Used car grifting 101
today at 9:37 am
Grifting: 1. Swindling or cheating 2. Obtaining money by fraud or illicit schemes
Did a car dealer deliberately drill holes in my car and then lie about it? would have been my only blog about used cars if our son hadn’t asked for help finding one.
As a side note, when showed that blog, Orloff’s service manager waved it off as fake news.
Recognizing my mistakes, I thought I had achieved a level of expertise in the procurement of used cars. That turned out to be yet another mistake.
Here’s three blatant grifts you may encounter:
We drove up to Racine, WI to look at a 2019 KIA with very low miles. I had negotiated a price with Zach, the used car manager during a lengthy phone conversation the night before.
Zach assured me this was the car I was looking for.
First thing I noticed was that a piece of the door handle was missing. Opening the door, it got worse.
It looked as if someone had taken an axe to the door frame, leaving deep gouges. It did not look like anything that could be fixed easily, if at all.
WTF? I exploded. Without missing a beat, Zach said with aplomb, Take it for ride.
We were on the phone for 45 minutes, Zach. Don’t you think you should have mentioned this before we drove up here?
Zach just hunched up his shoulders and shuffled away.
Our next stop was a KIA dealer in Elmhurst, Illinois where we saw a 2018 Nissan listed online for $12,000.
After a quick test ride, we sat down with the sales associate who asked the inevitable, How much do you want to pay for this car?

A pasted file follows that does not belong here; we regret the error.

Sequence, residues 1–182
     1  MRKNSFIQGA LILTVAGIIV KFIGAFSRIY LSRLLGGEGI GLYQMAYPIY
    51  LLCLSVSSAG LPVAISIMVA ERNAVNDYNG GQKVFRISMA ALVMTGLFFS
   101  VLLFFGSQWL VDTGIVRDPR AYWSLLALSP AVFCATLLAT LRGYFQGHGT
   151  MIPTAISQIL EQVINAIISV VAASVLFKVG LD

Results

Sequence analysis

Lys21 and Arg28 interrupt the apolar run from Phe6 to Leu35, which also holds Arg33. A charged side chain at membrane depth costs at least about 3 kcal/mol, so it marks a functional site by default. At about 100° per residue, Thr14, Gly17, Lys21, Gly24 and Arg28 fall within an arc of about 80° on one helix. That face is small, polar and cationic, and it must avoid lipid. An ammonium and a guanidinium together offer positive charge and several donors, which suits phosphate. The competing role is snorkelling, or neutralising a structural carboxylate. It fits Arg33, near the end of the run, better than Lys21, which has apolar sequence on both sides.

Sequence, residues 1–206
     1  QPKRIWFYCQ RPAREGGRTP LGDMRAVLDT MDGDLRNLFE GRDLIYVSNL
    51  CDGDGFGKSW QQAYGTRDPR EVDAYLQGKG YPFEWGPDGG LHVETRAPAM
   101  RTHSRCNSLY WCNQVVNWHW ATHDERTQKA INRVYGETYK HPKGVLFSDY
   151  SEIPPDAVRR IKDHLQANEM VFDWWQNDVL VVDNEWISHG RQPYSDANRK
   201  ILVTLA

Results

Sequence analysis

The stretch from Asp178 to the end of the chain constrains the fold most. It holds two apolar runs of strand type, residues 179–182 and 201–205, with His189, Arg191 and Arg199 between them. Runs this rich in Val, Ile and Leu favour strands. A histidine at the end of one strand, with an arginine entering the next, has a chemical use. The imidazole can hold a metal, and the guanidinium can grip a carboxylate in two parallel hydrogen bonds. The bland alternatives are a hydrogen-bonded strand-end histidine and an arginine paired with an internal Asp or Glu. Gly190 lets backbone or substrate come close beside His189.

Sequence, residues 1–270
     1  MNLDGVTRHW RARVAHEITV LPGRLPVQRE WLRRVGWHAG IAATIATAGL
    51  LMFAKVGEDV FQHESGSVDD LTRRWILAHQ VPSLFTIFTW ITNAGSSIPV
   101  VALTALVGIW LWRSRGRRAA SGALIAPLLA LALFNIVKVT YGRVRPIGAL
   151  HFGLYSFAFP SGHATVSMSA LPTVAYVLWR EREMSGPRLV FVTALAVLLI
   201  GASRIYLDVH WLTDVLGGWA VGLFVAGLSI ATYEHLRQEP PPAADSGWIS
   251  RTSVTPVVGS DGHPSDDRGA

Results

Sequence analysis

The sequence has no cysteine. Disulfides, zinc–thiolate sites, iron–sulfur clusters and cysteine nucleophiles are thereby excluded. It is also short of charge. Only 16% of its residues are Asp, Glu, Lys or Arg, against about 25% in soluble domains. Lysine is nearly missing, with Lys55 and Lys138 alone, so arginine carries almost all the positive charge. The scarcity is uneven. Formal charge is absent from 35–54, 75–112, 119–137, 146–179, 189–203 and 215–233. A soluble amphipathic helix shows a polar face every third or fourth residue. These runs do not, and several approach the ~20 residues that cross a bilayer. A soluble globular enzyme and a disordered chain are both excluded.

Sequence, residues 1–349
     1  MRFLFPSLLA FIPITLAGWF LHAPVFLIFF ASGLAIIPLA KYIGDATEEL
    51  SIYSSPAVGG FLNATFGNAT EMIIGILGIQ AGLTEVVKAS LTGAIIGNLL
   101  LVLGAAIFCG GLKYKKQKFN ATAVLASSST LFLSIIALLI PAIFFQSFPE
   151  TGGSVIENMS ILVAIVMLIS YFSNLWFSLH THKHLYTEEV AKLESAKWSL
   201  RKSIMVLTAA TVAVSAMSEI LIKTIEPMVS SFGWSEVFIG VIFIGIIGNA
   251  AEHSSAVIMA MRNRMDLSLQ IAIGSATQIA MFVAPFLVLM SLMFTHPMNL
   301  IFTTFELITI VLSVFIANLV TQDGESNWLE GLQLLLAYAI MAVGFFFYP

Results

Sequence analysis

How about the advertised price? I asked. $12,000.
Excusing himself to confer with the ubiquitous my manager, he finally returned with a detailed bill of sale, the price at the bottom being more than $18,000.
Why would I buy this $12,000 car for $18,000?
He explained to me that they have to price their cars aggressively online to get customers into the store.
In other words, they lie. Some might call it bait and switch, but it is essentially fraud.
On Line 2, below the $12,000 was a $1,300 VIP package for free car washes.
Next was a $2,300 charge for inspection of the car to validate the warranty, which I would imagine they had already done.
I was baffled about the $1,000 processing fee, but stunned after it was explained to me that it was for facilitating the sale.
Since they didn’t send a limo for me, I couldn’t imagine what they had done to facilitate the sale, other than unlocking the doors that morning so I could come in and buy a car.
That one should offend even the most inexperienced buyer.
Every bill of sale in Illinois includes a $300 document fee, which they say goes directly to the state. It does not.
$300 is the maximum Illinois allows dealers to charge for processing paperwork. It was $175 until the Secretary of State bumped it up to $300 beginning January 1, 2020.
We left that dealer with only the free water they had given us.
Broomhilda called her old friend, Alyssa, whose husband, Tom used to be in the car business. He vouched for a guy named Steve, who’s a Toyota dealer in Oak Lawn, Illinois.
Steve had a 2019 Nissan Sentra with only 2,200 miles. It was almost too good to be true. It was, in fact, too good to be true.
Our level of trust was high though, so we brought the car home for our son. Entering the VIN online, his insurance premium doubled with one keystroke.
A little research into the car revealed that it had a salvage title. We found pictures online of the wreckage before it was fixed.
Steve professed innocence of the car’s provenance and gave us our money back. It wasn’t a bad car, but the nature of the title made it very expensive to insure.
These are just a few of the pitfalls one might encounter searching for a used car. We were just lucky to run into all of them.
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